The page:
a relationship which offers reasonable assurance of continuity horizontally 
and in depth. Lower on the slopes of the Quebrada de Potaca, there are 
a few Imperfect exposures which show at least that the ooal continues. 
In the estimate, however, only one bed, averaging 1.00 m. for 1100 m. 
(3600 ft,) was assumed to exist. The average analysis of all samples 
from this block is: 

Volatile Material 12.655 
Fixed Carbon 73.8 

Ash 13.6 % 

The entire block is owned by the Delgados, 

50. Nelson Mine. Near the bottom of the Quebrade de lotaca, the 
coal is exposed in a number of small holes in the Kelson claim ( 1 per- 
tenencia) owned by the Vda. Dunstan. Three beds occur but only one is 
workable. It averages 1.30 m. (51 in.) in thickness. Analyses frcm 
samples taken there average: 

Volatile Itoterial 13.6 % 
Fixed Carbon 68.3 

Ash 18.0 % 

A poor grade of coke is made from the coal. 



-29- 



51. Potaoa Block. To the northwest from the Helson Ittne, the line 
of the coal is "beneath heavy talus and glacial debris for 1500 m. (49SO 

/ 

ft.). On account of the strong outcrops on either side, however, it was 
assumed for the tonnage estimate that one 1.00 m. bed was continuous 
throughout this section. The tonnage calculated, however, was greatly 
reduced by using .2 as Factor of Risk. The ground is held by the 
Delgados. 

52. Yelo Hegro Block. The coal is exposed in two groups of holes 
on the Velo Negro claim (the most northern ground included jn the area 
mapped). Two beds, one averaging 1,20 m. (47 in.) and the other 1.10 m. 
(42 in.), are exposed in the lower group of holes. In the highest hole, 
one bed averaging 90 cm. is exposed. In the estimate, one bed 1.0 m. 
thick fo^ 500 m. (1640 ft.) was assumed. Analyses of samples averaged: 

Volatile Material 15.8 % 

Fixed Carbon 68.2 

Ash 16.0 'I 

The coal is non-coking. The two claims (Velo Hegro and Oerrenita) , which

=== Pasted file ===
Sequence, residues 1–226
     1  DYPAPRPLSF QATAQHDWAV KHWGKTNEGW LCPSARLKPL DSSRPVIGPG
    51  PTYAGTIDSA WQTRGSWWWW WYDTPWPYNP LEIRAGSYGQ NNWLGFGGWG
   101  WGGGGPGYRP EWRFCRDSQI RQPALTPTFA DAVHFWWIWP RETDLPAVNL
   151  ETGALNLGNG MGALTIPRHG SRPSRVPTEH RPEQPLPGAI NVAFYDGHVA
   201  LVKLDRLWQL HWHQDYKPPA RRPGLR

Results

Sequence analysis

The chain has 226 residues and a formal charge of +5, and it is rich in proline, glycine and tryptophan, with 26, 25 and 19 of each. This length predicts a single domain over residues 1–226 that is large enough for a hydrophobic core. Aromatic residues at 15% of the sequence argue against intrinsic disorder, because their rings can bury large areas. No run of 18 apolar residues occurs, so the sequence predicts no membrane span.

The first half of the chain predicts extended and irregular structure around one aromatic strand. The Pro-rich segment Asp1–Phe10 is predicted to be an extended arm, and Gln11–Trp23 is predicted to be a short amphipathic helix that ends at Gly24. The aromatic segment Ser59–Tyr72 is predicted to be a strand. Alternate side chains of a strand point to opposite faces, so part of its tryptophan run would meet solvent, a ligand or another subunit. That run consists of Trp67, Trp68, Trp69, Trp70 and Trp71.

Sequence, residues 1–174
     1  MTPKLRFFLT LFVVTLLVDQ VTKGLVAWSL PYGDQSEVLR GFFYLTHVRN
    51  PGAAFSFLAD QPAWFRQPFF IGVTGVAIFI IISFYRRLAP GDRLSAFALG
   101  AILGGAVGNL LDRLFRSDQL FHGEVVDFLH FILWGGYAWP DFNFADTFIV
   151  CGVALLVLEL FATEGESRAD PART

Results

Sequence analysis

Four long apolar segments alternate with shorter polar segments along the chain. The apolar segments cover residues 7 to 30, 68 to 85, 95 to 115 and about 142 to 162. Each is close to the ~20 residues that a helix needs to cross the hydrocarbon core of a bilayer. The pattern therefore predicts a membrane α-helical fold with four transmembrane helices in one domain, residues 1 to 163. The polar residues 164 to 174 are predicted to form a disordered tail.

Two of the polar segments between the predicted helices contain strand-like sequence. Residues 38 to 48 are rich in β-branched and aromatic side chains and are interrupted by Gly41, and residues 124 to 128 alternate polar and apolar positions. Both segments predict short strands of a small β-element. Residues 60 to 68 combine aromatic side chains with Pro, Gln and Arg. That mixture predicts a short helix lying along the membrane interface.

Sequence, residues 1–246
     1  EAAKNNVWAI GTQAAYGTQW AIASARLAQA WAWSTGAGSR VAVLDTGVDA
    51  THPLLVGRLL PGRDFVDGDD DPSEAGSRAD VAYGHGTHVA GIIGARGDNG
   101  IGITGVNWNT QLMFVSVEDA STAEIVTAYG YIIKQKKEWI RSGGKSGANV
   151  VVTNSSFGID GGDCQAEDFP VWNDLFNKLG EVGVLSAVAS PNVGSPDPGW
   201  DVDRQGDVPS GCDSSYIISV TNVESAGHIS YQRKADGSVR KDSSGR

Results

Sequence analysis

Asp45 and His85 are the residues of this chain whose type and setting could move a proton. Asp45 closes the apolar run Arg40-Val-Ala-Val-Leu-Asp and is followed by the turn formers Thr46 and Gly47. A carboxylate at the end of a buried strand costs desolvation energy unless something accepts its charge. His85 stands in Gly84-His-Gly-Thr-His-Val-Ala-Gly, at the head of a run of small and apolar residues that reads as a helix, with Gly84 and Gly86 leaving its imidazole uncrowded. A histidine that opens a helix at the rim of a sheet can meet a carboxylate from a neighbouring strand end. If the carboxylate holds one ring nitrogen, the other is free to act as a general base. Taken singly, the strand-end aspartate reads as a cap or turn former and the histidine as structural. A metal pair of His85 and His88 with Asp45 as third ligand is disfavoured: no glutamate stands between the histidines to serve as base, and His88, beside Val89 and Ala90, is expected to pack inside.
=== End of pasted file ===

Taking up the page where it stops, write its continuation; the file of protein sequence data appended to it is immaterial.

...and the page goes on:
cover most of the ground, are owner? by Sr. R. Alania, Dr. P. Villate, and 
Dr. B. Patifio of Gerro de Pasoo. 

TSAIfcPOHFATIOH 

53. The GOES tract ion of a railroad into the Oyon district is an ab- 
solute necessity if the mines there are to be worked on a scale sufficiently 
large to meet the needs of the Corporation. Unfortunately, there is no 
easy route into the field and the best location possible will undoubtedly 
offer many difficulties and involve heavy expenditures. Only two routes 
are worthy of consideration, one by way of the Uchuc Chaoua pass and the 
other by way of the Jatcn Chacua pass across the Cordillera. 

54. The former route would bring a line into the Yana Gori section 
of the field, on one of the highest ridges of the district. The line 



-3C- 



oculd be ao located that there would be almost no adverse grade from the 
ooal to the pass but on the Oyon si6, very heavy rook work vrould be 
necessary to pass a region of exceed inscly rotgh oliffa. and on the eastern 
side of the crest, the line would be i'orcac to OTOBB the nndaahaoa Talley 
and its tributaries before reaching the northern end of the paapa country, 
which would inevitably reenlt in bad adverto grades 

56. Alin* orer the Jatim Shaom route wot>ld enter the southern end 
of the field. -^Lne wo^h octald be easily designed to place the ooal 

at ' uco (near Supaipahnaein .line) where a railroad teriiinne could b ea- 

liBhe^ at an elerati^n of aboat 4175 -a* (1J??CC ft,). From there to 
the tunnel at the pass, a distance of 14 km. { 8.7 -tiles) it would be 
neoeaeary to olirab 485 . f 1590ft.). There would be heavy rock work 
but nothing iiwmrmo writable. A ttmnel of 1100 s. (3600 ft.) at an elera- 
tion of 4C61 a. ( 15290ft.) would carry the line into the Jwiaeha Talley. 
Cn the enst slope, no difficulties woold be enoo-ontered with the exception 
of a F hrrt eeoticn cf rook work necessary to paeo the cliffs near Qoisqne. 
The lenffth of the line would be about 68 ka. (42.5-ailesi. Thio route 
brSnfffl the railroad into the best portion of the ooal field, and also 
leaves it in a good position for continuing on to the ocast if it ehovld 
erer be daeired. The line also paceae naar Jlina lagra ol the ^aerioan 
Vanadium Corporation fron whose business a considerable rerenxie ootild be 
derived. 

56. A horseback reconnaissance was made over both routes with &. 
R. 0. 3. albert, and it was decided thstt the Jattm Chaona rente was the 
only one which warranted further study. A surrey of the line has now 
been completed by -Mr. %bert, and his results and estimates are ready 

for presentation. Be estimates that the total aost of the road will be 



2 000 000 

) 



-51- 
ACC3SSCHISS. 

57. "ater Power. In the driest months in 1921, the stream down 
the Quebrada de Ccnoopata had a volume of at least 40 ou. ft. per eec. , 
and the stream in the Quebrada de Ututo over 80 ou. ft. per sec. Storage 
for the for;ner stream oould "be easily obtained at Tabladas, and for the 
Rio de Ututo at lake Iat6n and Anilcooha. Foundation Company engineers 
have reported that raising Pat6n 9 meters will ^ive 7,000,000 cubic asters 
storage. 

58, An excellent power site exists in the Quebrada de Ututo where 
it is crossed by the coal outcrop, and where a drainage tunnel for large 



.sine development would undoubtedly enter. There, a head of 120